Please use this identifier to cite or link to this item:
Full metadata record
|dc.contributor.author||ALLACKER KAREN JOSEE||en_GB|
|dc.contributor.author||DE CAMILLIS CAMILLO||en_GB|
|dc.identifier.citation||ABSTRACT BOOK SETAC Europe 23nd Annual Meeting||en_GB|
|dc.description.abstract||The European Commission's “Roadmap to a Resource Efficient Europe” proposes ways to increase resource productivity and to decouple economic growth from both resource use and environmental impacts, taking a life-cycle perspective. One of its objectives is to: “Establish a common methodological approach to enable Member States and the private sector to assess, display and benchmark the environmental performance of products, services and companies based on a comprehensive assessment of environmental impacts over the life-cycle ('environmental footprint')”. The European Council invited the Commission to develop supporting methodologies. The Environmental Footprint (EF), launched by the European Commission’s Joint Research Centre in close cooperation with Directorate-General for the Environment, gives specific guidance for comprehensive, robust and consistent environmental assessment of products and organisations. This is an important step forward to ensure robust decision support for business and policy. However, for to be more relevant to the situation and problems of specific product categories more specific guidance on how to conduct the EF study is required. The guides on Product EF (PEF) and Organisation EF (OEF) provide more specific requirements that need to be defined in so called Product Environmental Footprint Category Rules (PEFCRs). These PEFCRs are seen as crucial for EF studies aiming at business-to-business (B2B) and business-to-consumer (B2C) communication intended to be used for comparisons and comparative assertions. The role of PEFCRs are to increase the reproducibility, consistency, comparability and relevance of EF studies, but also to increase the efficiency (reduce time, efforts and costs) of EF studies by directing the focus on the most important processes and impact categories. First steps are taken by the European Commission to develop PEFCRs through several pilot studies. These will build on: • The recent development of guidelines on the development of Product Category Rules (PCRs) by the United States Environmental Protection Agency • Existing PCRs and specific sector guidance such as the European Food Sustainable Consumption and Production (SCP) Round Table , PAS2050, GEDNets PCRs for Environmental Product Declaration (EPD) and the Repository of good practice in France (related to BP X 30-323) • Knowledge and experience from a broad spectre of stakeholders For the development of PEFCR there are at least three major challenges that will be discussed in the presentation: definition of the Product Category/Sector in a way that allows for meaningful comparison of products fulfilling an equivalent function, definition and modelling of an average product(s) and identifying and focussing on what matters most. This contribution gives an overview of what PEFCRs are and highlights some issues relating to their development.||en_GB|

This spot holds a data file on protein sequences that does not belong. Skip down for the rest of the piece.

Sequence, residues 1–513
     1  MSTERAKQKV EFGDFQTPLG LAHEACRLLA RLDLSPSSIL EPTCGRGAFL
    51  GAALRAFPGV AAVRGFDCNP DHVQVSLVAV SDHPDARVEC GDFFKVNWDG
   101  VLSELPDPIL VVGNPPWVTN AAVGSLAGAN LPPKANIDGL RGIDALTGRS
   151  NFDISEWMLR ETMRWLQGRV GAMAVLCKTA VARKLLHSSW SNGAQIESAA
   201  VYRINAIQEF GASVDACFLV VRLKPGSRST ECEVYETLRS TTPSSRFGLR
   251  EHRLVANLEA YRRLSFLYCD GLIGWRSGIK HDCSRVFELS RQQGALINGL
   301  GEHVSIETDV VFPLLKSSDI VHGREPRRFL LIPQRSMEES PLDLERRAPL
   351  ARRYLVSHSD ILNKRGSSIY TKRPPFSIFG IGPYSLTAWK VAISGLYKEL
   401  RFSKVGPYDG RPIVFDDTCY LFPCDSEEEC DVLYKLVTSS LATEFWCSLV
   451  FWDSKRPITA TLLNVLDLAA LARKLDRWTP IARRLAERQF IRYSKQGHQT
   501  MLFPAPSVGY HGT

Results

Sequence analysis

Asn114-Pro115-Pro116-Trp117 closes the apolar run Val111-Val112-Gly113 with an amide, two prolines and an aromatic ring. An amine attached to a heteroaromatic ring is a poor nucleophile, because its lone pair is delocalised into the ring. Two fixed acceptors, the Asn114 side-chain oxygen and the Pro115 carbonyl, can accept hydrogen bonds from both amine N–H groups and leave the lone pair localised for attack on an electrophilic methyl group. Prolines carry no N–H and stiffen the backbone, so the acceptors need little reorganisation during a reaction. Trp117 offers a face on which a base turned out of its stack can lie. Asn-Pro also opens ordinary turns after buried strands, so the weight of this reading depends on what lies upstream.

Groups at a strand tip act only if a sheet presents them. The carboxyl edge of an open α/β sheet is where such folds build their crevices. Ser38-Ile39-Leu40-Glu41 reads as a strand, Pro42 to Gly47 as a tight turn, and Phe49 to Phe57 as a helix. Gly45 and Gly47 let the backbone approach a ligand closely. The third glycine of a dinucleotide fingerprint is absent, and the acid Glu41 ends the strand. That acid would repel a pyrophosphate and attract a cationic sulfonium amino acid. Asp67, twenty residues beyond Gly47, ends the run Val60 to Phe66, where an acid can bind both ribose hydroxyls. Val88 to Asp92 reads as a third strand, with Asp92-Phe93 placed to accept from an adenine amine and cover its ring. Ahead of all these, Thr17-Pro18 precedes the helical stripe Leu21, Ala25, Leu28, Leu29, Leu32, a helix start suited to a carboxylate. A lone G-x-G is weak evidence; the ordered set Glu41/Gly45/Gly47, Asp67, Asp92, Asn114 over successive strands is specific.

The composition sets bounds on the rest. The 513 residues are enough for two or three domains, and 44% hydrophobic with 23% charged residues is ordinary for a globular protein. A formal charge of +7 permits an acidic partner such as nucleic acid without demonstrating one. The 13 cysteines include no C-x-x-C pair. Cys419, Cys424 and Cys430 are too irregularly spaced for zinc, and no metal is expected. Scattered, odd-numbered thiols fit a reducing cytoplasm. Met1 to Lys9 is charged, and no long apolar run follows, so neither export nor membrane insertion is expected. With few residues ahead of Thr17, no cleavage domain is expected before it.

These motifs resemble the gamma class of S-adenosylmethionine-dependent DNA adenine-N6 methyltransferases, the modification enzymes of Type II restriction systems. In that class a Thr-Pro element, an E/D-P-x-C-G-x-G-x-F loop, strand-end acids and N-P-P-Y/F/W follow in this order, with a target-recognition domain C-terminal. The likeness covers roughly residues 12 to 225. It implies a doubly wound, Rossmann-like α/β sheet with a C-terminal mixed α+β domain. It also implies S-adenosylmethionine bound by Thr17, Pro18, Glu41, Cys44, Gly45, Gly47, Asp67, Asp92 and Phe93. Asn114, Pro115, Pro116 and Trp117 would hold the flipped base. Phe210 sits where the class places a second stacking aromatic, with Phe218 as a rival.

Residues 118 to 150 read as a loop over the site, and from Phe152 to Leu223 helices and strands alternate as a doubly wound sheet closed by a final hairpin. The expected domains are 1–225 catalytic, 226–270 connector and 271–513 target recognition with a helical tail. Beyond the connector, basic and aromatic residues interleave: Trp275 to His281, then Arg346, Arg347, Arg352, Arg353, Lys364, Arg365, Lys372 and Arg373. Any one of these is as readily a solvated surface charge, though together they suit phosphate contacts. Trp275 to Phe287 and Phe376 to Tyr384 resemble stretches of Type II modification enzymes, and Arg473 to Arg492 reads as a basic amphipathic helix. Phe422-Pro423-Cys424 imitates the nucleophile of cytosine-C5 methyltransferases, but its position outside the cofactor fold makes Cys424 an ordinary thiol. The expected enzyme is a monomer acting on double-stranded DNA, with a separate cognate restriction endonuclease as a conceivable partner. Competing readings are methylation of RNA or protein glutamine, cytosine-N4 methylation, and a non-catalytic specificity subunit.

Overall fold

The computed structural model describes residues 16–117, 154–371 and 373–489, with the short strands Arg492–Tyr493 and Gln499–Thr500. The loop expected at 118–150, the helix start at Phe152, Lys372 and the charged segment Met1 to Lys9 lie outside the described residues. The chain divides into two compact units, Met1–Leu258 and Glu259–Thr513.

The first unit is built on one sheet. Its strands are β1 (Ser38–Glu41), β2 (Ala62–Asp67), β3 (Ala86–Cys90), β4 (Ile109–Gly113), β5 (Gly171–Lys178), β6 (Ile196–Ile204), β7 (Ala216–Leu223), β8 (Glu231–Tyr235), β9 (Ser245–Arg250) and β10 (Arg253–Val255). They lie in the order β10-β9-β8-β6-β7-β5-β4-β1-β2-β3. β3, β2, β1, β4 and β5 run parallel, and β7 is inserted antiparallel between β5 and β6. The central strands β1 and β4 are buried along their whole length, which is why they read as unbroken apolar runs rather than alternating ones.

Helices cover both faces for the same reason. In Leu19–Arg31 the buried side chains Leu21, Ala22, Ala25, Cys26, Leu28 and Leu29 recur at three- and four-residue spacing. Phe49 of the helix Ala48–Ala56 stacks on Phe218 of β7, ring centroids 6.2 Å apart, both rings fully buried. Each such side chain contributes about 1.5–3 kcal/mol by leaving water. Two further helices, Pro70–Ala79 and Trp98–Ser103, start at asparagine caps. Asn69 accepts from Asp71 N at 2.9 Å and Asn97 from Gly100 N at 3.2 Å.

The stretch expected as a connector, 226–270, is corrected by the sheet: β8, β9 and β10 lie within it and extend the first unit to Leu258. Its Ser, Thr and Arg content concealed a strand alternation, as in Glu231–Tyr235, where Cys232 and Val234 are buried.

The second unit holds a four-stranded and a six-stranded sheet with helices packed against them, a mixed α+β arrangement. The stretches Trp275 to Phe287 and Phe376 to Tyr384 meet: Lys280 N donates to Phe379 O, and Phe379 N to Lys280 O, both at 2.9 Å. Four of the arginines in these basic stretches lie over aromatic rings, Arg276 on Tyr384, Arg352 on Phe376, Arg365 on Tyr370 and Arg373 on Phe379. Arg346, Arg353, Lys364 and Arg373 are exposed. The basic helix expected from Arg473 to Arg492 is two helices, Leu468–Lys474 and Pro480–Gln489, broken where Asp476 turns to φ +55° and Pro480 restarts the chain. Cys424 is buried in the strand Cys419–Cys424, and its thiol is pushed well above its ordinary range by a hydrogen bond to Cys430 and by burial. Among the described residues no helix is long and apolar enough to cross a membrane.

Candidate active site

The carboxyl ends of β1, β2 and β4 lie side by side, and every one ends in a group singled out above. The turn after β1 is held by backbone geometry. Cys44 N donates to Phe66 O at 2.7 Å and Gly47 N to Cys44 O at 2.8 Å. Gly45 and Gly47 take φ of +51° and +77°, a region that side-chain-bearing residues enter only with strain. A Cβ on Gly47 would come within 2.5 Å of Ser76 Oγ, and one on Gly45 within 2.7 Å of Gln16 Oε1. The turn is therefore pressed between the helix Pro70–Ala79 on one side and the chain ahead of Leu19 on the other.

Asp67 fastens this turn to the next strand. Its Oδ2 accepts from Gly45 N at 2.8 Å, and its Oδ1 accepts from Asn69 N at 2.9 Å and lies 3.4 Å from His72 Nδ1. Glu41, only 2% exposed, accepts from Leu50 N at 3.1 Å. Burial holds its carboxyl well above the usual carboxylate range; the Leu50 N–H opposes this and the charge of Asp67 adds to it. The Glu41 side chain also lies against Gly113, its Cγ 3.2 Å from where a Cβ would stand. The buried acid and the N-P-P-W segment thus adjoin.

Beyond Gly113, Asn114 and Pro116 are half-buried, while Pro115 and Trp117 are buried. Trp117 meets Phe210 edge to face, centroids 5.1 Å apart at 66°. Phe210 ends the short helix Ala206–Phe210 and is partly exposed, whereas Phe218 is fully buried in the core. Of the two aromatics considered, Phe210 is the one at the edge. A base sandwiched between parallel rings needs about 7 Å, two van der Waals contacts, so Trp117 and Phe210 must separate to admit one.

|dc.publisher||SETAC Europe Office||en_GB|
|dc.title||The development of Product Environmental Footprint Category Rules||en_GB|
|dc.type||Articles in periodicals and books||en_GB|
|JRC Directorate:||Sustainable Resources|
Files in This Item:
There are no files associated with this item.
Items in repository are protected by copyright, with all rights reserved, unless otherwise indicated.